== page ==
ZealousEngine

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About ZealousEngine

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  1. Destructors and Vectors...

    Quote: And where are the results? Im guessing you are not very familiar with boost::object_pool. There are many situations (in games especially) where you will be constantly allocating/deallocating very small objects. In these situations, you will save time AND memory by using a pool. I have used boost::object_pool before, but tonight I decided to create my own little pool (just using a simple vector), and thats how I ran into this little problem. Using a shared pointer to store the new object created by the constructor seems to be the easiest solution. And youre right, dynamically allocating new objects like that defeats the purpose of the pool, I was just using it as an example for the problem I was having (ie forgetting that the compiler created a copy constructor behind my back).
  2. Destructors and Vectors...

    Quote:Have you profiled it? Yes I have. Besides, were just talking about a pool. Not exactly a extreme concept. Premature optimization isnt even a factor for discussion here. So back to my problem - the onlything I can think of would be to have seperate init/uninit functions and call them manually. That would avoid all this copy/destructor craziness.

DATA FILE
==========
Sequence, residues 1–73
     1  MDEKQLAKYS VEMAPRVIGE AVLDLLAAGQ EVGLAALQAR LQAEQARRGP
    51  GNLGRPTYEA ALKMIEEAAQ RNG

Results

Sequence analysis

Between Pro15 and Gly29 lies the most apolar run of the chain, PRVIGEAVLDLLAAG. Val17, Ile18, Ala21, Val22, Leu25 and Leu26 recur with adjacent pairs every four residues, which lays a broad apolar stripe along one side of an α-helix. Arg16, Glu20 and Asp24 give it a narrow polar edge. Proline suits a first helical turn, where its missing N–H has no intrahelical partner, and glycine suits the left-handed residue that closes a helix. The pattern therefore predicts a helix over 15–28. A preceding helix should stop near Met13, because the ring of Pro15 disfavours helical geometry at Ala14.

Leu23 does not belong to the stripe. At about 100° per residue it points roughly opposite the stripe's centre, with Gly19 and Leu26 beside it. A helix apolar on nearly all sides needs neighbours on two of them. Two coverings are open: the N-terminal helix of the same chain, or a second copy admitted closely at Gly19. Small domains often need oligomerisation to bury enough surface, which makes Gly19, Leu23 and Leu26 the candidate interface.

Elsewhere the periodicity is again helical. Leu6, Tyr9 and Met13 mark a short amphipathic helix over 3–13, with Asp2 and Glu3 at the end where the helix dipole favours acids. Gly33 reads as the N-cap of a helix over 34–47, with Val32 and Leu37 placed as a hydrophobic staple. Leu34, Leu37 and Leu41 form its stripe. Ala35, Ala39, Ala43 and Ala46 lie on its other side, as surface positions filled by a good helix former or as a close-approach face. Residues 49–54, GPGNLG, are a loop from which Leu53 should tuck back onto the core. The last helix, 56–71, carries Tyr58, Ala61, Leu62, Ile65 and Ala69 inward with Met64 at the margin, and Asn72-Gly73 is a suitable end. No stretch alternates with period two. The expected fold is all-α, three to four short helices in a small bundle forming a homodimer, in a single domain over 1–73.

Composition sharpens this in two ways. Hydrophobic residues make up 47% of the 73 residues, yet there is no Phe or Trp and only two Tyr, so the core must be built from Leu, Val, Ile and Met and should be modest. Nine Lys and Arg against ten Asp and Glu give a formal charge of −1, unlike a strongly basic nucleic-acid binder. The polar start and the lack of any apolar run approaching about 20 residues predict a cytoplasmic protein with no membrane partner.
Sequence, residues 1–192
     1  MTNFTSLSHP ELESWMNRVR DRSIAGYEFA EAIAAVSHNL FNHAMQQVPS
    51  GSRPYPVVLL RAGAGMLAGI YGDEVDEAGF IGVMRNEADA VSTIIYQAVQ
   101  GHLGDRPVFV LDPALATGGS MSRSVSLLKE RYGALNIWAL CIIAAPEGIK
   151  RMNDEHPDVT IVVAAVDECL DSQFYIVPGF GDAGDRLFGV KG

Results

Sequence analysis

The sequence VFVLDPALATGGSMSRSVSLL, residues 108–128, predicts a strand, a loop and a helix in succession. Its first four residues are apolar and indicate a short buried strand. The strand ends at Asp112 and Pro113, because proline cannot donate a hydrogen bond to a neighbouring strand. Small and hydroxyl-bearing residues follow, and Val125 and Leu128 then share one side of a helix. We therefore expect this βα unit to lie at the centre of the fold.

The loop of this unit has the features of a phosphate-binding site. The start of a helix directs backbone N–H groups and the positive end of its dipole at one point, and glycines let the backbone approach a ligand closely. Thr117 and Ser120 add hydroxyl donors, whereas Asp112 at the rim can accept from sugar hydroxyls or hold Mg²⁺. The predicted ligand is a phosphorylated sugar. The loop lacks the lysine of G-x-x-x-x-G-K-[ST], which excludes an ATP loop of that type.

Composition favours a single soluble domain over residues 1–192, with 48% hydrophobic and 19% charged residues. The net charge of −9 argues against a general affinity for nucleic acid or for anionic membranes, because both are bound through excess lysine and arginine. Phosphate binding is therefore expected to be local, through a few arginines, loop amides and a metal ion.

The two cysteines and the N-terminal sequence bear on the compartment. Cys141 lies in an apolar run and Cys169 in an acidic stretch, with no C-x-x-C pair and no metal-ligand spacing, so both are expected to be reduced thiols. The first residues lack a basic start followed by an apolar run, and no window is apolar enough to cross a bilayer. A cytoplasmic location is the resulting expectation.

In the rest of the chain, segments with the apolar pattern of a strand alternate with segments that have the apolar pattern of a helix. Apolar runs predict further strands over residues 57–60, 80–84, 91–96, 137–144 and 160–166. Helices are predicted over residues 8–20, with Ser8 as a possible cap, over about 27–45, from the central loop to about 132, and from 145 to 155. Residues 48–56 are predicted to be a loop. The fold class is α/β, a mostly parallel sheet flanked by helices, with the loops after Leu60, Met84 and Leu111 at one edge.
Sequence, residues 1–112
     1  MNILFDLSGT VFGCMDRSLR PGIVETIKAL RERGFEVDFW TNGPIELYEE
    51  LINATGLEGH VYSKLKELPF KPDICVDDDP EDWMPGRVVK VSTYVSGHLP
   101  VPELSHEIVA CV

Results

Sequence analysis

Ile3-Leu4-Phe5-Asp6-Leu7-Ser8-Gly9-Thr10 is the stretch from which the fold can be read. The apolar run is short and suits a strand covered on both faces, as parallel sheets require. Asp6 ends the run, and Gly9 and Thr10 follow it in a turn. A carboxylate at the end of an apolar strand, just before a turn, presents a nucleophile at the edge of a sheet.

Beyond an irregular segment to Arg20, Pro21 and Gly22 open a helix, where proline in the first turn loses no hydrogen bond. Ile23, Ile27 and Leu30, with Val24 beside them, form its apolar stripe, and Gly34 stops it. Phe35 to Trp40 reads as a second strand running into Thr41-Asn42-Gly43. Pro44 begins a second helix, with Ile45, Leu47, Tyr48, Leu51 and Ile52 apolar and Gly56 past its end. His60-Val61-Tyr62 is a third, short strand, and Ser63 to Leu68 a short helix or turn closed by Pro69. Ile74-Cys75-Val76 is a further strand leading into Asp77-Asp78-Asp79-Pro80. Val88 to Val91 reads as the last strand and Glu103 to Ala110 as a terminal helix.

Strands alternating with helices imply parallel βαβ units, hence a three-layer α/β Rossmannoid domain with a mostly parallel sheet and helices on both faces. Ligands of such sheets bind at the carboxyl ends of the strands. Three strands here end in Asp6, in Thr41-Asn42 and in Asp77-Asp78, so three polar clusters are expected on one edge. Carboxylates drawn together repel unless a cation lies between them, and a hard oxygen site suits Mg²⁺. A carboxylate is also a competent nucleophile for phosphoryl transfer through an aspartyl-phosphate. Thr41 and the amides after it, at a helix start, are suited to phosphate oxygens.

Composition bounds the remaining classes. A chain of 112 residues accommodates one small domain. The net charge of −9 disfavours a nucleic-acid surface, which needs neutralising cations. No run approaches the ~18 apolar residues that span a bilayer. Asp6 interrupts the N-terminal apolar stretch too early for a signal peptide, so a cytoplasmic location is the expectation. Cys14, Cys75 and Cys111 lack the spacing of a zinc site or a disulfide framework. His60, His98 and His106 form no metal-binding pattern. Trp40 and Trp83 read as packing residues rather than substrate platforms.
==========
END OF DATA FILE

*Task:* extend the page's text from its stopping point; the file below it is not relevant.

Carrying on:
3. Destructors and Vectors...

    Quote:Original post by Zahlman Quote:Original post by ZealousEngine Well I am trying to use the vector as a sort of reusable pool What do you think you will gain from doing this? Quote:in order to keep all my objects grouped together in memory. What do you think you will gain from that? Quote:in order to avoid havoc when the vector copies things around? What havoc? What will I gain from grouping thousands of classes together? Lots. Especially when I iterate over the whole vector. And the havoc seems to be, the Constructor is called once (creating a new object), but then the copy constructors dont allocate any new objects (which is fine, their job is just to copy the pointer). Now we have only ONE actual new object, and THREE destructors being called (each of which will try to destroy the object).
  4. Destructors and Vectors...

    Well I am trying to use the vector as a sort of reusable pool, in order to keep all my objects grouped together in memory. Thus I cant really just store pointers. So how should I implement the following class... class foo { public: foo() { mObj = new Obj; assert(!"foo constructor"); } ~foo() { delete mObj; assert(!"foo destructor"); } foo(const foo& p) { assert(!"foo copy constructor"); } }; ..in order to avoid havoc when the vector copies things around?